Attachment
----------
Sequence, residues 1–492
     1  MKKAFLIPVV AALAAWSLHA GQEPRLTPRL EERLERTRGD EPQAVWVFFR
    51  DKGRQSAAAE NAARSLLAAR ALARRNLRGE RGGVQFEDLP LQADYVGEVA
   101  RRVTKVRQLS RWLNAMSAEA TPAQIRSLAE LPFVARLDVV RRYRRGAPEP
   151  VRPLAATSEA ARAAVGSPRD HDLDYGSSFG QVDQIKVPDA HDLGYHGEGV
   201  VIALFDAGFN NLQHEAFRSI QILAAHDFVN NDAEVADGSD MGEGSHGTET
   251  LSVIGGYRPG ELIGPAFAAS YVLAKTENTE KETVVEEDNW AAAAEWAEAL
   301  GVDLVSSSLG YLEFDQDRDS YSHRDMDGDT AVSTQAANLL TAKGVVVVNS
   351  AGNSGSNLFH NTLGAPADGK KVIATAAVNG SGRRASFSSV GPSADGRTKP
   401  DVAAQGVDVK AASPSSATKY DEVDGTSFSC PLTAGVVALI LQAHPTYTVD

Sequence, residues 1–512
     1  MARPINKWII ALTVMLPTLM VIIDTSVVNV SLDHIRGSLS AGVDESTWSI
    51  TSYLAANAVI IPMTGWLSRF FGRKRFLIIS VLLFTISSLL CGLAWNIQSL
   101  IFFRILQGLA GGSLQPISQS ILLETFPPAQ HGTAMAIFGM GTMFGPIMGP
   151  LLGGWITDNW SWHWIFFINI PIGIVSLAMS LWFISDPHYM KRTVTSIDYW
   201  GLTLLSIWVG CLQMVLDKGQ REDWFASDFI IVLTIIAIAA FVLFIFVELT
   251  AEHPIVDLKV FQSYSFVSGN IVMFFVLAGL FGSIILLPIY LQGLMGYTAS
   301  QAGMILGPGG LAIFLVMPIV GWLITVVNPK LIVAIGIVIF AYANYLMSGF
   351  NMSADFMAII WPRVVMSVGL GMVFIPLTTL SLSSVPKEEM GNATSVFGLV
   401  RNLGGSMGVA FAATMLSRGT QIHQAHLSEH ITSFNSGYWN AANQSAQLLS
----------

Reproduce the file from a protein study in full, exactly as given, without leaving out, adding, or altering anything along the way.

Sequence, residues 1–492
     1  MKKAFLIPVV AALAAWSLHA GQEPRLTPRL EERLERTRGD EPQAVWVFFR
    51  DKGRQSAAAE NAARSLLAAR ALARRNLRGE RGGVQFEDLP LQADYVGEVA
   101  RRVTKVRQLS RWLNAMSAEA TPAQIRSLAE LPFVARLDVV RRYRRGAPEP
   151  VRPLAATSEA ARAAVGSPRD HDLDYGSSFG QVDQIKVPDA HDLGYHGEGV
   201  VIALFDAGFN NLQHEAFRSI QILAAHDFVN NDAEVADGSD MGEGSHGTET
   251  LSVIGGYRPG ELIGPAFAAS YVLAKTENTE KETVVEEDNW AAAAEWAEAL
   301  GVDLVSSSLG YLEFDQDRDS YSHRDMDGDT AVSTQAANLL TAKGVVVVNS
   351  AGNSGSNLFH NTLGAPADGK KVIATAAVNG SGRRASFSSV GPSADGRTKP
   401  DVAAQGVDVK AASPSSATKY DEVDGTSFSC PLTAGVVALI LQAHPTYTVD

Sequence, residues 1–512
     1  MARPINKWII ALTVMLPTLM VIIDTSVVNV SLDHIRGSLS AGVDESTWSI
    51  TSYLAANAVI IPMTGWLSRF FGRKRFLIIS VLLFTISSLL CGLAWNIQSL
   101  IFFRILQGLA GGSLQPISQS ILLETFPPAQ HGTAMAIFGM GTMFGPIMGP
   151  LLGGWITDNW SWHWIFFINI PIGIVSLAMS LWFISDPHYM KRTVTSIDYW
   201  GLTLLSIWVG CLQMVLDKGQ REDWFASDFI IVLTIIAIAA FVLFIFVELT
   251  AEHPIVDLKV FQSYSFVSGN IVMFFVLAGL FGSIILLPIY LQGLMGYTAS
   301  QAGMILGPGG LAIFLVMPIV GWLITVVNPK LIVAIGIVIF AYANYLMSGF
   351  NMSADFMAII WPRVVMSVGL GMVFIPLTTL SLSSVPKEEM GNATSVFGLV
   401  RNLGGSMGVA FAATMLSRGT QIHQAHLSEH ITSFNSGYWN AANQSAQLLS